Guest Commentator: Rose Kohles, Vice President, National Settlement Team, Huntington Bank @Huntington_Bank
What role can leaders in the business community play to make an impact in shaping the direction of the arts and culture sector in this unprecedented environment?
Given the drastically different environment brought on by the virus and ensuing lockdowns, business leaders must be more creative in their ability to promote the arts and culture sectors. In my new role as a board member for Girls First, an arts education nonprofit in Norristown, one of my many tasks was to help the organization adapt and stay relevant during these trying times. The ideas and implementation are ever evolving but I believe we are on the right track.
- Encourage Engagement: Business leaders should encourage engagement with the arts and culture sector. Leaders themselves should be an example by sharing their own engagement, and make sure the ability to get involved is accessible for others. Many businesses in our region promote or have implemented programs encouraging community involvement, such as dedicated time out of the office, grants for the organizations their employees are involved with, and recognition programs.
- Donate Resources: Many arts and culture organizations faced significant challenges carrying out their missions this year. Many managed to design and build a new way of doing so, but that effort requires time, energy, and money. Girls First and other organizations like ours benefitted so much from community support, both monetarily and otherwise. Many organizations that pivoted to online programming partnered with local organizations to supply laptops and other technology – donations are not limited to dollars.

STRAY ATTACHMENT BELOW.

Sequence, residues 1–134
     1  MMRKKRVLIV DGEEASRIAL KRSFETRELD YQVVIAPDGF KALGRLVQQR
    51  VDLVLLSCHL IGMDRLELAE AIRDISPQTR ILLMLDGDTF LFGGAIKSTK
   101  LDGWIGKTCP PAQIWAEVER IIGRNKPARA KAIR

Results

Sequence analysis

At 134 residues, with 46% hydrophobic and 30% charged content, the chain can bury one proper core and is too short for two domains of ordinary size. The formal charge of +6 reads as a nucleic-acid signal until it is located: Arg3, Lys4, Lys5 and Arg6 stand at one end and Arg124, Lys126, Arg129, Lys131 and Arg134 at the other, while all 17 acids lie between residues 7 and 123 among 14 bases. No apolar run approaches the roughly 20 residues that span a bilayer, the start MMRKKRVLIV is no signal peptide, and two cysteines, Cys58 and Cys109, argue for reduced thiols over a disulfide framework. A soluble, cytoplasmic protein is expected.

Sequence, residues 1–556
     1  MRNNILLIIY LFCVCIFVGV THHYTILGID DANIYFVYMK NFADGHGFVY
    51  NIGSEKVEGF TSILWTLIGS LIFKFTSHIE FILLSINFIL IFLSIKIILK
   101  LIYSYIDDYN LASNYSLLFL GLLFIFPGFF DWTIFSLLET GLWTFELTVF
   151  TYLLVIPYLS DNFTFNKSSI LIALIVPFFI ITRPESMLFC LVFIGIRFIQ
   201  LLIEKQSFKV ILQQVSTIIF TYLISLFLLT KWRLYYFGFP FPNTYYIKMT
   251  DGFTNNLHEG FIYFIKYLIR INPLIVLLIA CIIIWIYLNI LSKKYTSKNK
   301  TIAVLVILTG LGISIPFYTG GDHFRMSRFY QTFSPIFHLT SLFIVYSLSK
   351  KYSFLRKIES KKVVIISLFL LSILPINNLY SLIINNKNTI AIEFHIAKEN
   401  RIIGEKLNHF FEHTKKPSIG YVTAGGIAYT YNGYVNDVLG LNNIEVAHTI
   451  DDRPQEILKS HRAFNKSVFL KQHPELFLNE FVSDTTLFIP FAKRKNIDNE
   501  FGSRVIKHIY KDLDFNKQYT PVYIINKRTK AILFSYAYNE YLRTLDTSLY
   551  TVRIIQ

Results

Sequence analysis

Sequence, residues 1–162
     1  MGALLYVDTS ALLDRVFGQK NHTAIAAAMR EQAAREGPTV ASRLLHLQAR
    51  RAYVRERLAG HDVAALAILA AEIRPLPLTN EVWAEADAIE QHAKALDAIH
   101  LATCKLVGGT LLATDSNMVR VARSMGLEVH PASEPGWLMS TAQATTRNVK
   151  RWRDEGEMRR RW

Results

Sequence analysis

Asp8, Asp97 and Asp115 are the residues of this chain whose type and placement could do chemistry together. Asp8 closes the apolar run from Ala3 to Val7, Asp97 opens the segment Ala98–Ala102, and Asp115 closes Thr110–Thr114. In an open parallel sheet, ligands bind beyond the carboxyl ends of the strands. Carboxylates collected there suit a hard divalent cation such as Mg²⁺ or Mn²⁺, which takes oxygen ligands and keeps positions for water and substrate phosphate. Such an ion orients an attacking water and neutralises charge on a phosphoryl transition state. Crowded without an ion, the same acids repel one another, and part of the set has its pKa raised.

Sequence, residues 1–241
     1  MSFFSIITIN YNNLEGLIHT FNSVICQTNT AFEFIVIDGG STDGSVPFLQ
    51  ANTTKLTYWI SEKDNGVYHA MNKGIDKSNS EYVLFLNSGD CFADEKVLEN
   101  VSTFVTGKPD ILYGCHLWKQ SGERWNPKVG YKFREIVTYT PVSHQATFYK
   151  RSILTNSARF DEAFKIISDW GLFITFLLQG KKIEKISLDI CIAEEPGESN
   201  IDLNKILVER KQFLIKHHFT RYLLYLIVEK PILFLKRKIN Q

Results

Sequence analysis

- Promote Outreach: One of the things I am most grateful for in 2020 is our ability to come together as a community. Business leaders can continue to foster relationships and support the arts and culture sector by sharing in this community and helping to get the word out about the mission, programming, and events the within the organization itself.
We will all be better off by communicating more and sharing what we have. This year has highlighted that lesson for me the most.
Rose Kohles is a graduate of Business on Board, Philadelphia’s only leadership development program that trains business professionals in nonprofit board governance and matches them with arts and culture nonprofits to serve as board members.
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